Eric Parry Architects’ Leathersellers’ Hall integrates architectural invention with craft


Ian Latham

Dirk Lindner

The Worshipful Company of Leathersellers occupied each of its six previous halls for an average of almost a century. Small wonder that the City of London’s 15th-ranked livery company, which received its royal charter from Henry VI in 1444, sought a sense of history in its new premises. Designed by Eric Parry Architects, the project is a finely crafted showcase of exemplary artistic endeavour that should serve for many decades.

The central staircase is animated by scagliola pilasters repurposed from the livery company’s previous hall

Set up to regulate leather merchants, the Company’s activities are now primarily philanthropic, charitable and educational, funded by significant land-holdings in the vicinity. Brookfield, developer of Allies & Morrison’s 40-storey 100 Bishopsgate tower that is rising nearby, tempted the Leathersellers from its 1920s premises on the north side of St Helen’s Place – which it wanted to incorporate – by gifting the shell and core of a new building behind a retained facade across the street, within which the Leathersellers would fund the fit-out. Though constrained, the site offered space for the Company plus five lettable floors.

The Leathersellers’ Company’s wisdom in selecting Parry – whose track record includes burrowing new spaces next to the church of St Martin-in-the-Fields, and an enthusiasm for artistic collaboration – has paid dividends, and it’s clear that the client has embraced the process with enthusiasm. Confidently negotiating between tradition and invention, the Leathersellers’ Hall contains modern light-filled spaces that evoke its long history in craft and trade.

Section showing the five lettable office floors above the Leathersellers’ premises

The rear of the building, flanking St Helen’s Bishopsgate church, features a faience-clad facade

Its fulcrum is a complex cantilevered concrete staircase, cast in-situ on a diagonal axis to acknowledge the splay of the room. Scagliola pilasters have been transferred from the previous Hall’s Reception Room – where they behaved in an orderly manner – to the new triple-height Stair Hall, where they run riot across the walls and ceiling in the manner of the collapsing columns of Giulio Romano’s ‘Hall of the Giants’ fresco at the Palazzo Te in Mantua. It’s an indication of the client’s confident relationship with Parry that this striking, almost wayward idea of supercharging already kitsch elements was implemented. The mauve colour of stair carpet and leather-lined shaft reference the first synthetic dye discovered in 1856 by William Perkin, a chemist and former master of the Company.

The Stair Hall articulates the various facilities, opening to the Reception Room

The Reception Room features a glazed wall facing the adjacent medieval church

Opening off the Stair Hall, the light-filled Reception Room is contemporary in character, with a blue-and-white glass sculpture by American artist Dale Chihuly suspended over a circular bronze table on a jazzy carpet, both designed by Parry. Vitrines set into the walls display silver and leather artefacts, while four Jaan sofas are upholstered in black-and-white cowhide.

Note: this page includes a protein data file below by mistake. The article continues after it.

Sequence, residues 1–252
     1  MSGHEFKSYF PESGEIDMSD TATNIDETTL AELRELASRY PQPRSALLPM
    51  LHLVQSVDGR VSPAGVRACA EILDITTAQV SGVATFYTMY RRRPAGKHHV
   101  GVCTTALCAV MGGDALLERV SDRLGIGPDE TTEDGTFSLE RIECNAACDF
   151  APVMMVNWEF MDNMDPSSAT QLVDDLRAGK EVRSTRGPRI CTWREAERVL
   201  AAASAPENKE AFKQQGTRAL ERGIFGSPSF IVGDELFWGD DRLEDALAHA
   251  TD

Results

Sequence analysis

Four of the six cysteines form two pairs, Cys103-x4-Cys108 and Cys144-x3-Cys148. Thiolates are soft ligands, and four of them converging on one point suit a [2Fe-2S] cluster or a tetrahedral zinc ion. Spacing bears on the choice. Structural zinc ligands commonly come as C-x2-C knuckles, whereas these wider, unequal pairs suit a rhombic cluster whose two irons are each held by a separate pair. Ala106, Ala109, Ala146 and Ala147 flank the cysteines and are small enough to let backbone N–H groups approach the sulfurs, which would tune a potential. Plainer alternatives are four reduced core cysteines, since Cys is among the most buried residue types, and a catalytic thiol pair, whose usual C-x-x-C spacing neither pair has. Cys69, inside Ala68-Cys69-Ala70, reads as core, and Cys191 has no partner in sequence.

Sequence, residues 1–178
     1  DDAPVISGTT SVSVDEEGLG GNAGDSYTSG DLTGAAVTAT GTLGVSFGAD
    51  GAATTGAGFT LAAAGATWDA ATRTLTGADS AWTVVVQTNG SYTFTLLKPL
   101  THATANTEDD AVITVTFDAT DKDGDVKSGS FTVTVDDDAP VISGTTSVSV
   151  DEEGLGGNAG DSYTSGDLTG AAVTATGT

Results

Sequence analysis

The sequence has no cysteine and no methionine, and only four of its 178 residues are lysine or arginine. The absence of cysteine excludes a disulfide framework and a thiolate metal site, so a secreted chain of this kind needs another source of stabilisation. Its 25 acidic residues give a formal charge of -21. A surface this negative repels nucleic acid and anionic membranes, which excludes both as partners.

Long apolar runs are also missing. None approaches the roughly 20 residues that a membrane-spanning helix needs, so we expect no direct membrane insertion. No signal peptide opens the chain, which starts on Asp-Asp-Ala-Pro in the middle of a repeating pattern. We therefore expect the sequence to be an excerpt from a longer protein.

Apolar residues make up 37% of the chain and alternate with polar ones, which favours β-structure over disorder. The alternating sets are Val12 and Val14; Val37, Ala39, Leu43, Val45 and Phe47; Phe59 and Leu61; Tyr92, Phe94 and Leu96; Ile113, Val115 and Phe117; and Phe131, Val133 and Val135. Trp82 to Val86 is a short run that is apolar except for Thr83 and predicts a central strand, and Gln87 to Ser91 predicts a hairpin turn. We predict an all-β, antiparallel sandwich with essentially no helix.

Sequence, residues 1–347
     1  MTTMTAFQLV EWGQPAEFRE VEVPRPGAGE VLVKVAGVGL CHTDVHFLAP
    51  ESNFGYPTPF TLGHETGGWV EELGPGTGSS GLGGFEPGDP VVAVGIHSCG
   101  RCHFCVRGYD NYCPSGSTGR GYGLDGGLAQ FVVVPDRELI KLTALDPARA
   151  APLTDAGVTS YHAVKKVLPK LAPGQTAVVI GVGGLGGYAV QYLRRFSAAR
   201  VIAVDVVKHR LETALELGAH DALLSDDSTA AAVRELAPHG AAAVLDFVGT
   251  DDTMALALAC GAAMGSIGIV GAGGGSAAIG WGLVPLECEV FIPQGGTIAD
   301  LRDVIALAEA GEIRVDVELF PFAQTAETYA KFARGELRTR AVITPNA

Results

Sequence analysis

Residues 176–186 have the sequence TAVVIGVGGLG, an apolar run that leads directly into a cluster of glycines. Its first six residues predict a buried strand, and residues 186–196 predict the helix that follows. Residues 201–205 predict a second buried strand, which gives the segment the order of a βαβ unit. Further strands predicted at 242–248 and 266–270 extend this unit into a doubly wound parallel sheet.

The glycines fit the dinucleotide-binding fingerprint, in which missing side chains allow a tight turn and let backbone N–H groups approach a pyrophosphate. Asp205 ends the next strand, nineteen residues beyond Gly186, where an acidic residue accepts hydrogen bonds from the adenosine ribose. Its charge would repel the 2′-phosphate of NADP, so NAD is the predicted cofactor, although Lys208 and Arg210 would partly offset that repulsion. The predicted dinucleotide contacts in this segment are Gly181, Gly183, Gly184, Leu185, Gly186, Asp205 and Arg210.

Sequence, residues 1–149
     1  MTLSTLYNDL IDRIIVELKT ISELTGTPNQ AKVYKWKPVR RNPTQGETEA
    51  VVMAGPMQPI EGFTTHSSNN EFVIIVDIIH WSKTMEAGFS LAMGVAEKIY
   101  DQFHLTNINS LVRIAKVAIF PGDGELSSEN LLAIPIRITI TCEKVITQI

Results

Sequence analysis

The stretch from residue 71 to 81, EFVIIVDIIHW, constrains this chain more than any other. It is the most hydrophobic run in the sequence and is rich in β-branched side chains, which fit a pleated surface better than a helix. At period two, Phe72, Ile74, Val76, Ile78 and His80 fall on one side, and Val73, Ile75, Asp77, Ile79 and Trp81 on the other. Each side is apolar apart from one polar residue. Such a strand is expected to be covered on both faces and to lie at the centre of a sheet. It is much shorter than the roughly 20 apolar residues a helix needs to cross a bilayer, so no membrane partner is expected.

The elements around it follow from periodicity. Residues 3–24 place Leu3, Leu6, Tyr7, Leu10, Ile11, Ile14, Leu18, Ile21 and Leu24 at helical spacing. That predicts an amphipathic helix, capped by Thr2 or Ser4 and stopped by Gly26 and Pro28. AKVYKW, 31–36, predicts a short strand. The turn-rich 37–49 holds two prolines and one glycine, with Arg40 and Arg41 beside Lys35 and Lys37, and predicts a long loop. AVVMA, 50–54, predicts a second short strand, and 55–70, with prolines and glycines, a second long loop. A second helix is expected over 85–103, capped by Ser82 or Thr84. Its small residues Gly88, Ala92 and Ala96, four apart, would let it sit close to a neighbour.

A large window on the east side overlooks the side wall of the medieval church of St Helen, where a stained-glass window depicts former parishioner William Shakespeare.


Accessed from either the Reception Room or entrance lobby is The Court Room. A large table made of European walnut fills the space, while the enveloping walls are lined in American black walnut alternating with vertical slotted timber reeds. A 1950s Axminster carpet, woven for the previous Hall and depicting coats of arms and animals, has been adapted to fit. Other historic items include chandeliers, a portrait of Henry VI, who granted the Company its first Royal Charter, and the charters from 1444, 1604 and 1685, now conserved and held in frames by micro-magnets.

Cantilevered entrance canopy on St Helen’s Place

The below-ground Dining Hall with wraparound tapestry

In front of the retained facade, a new entrance canopy, made in bronze with a vitreous soffit and referencing Jože Plečnik’s furled gateway at Prague Castle, supports two flambeaux that can be lit for evening events. Flanking bronze statues of a ram and a roebuck, cast in 2000, came from the sixth Hall across the street, while the wrought-iron gates, made in 1878 by J Starkie Gardener, are from for the fifth Hall.

Floored in Massachusetts grey granite, the entrance lobby features a new cast-iron fireplace and lateral vitrines. A corridor lined with pale green and maroon leather-covered panels (some from the previous Hall, others matched by Bill Amberg) leads to the Library, an intimate space for meetings, lunches or reading. The oak-lined room incorporates the Colfe Library of 400 rare books in climate-controlled bookcases.

The central staircase leads down to the subterranean Dining Hall. Seating up to 120 people, it is lined in American walnut with a tapestry around the upper part of three walls. Designed by Victoria Crowe and woven at the Dovecot Studio in Edinburgh, the 42-metre-long artwork depicts leather trade history, from cave art to contemporary cutting techniques and ending with a plan of the new Hall superimposed on that of the first Hall. Addressing both the aesthetic and acoustic aspects of the space, the tapestry awas woven in panels by Naomi Robertson and her team over a three-year period.

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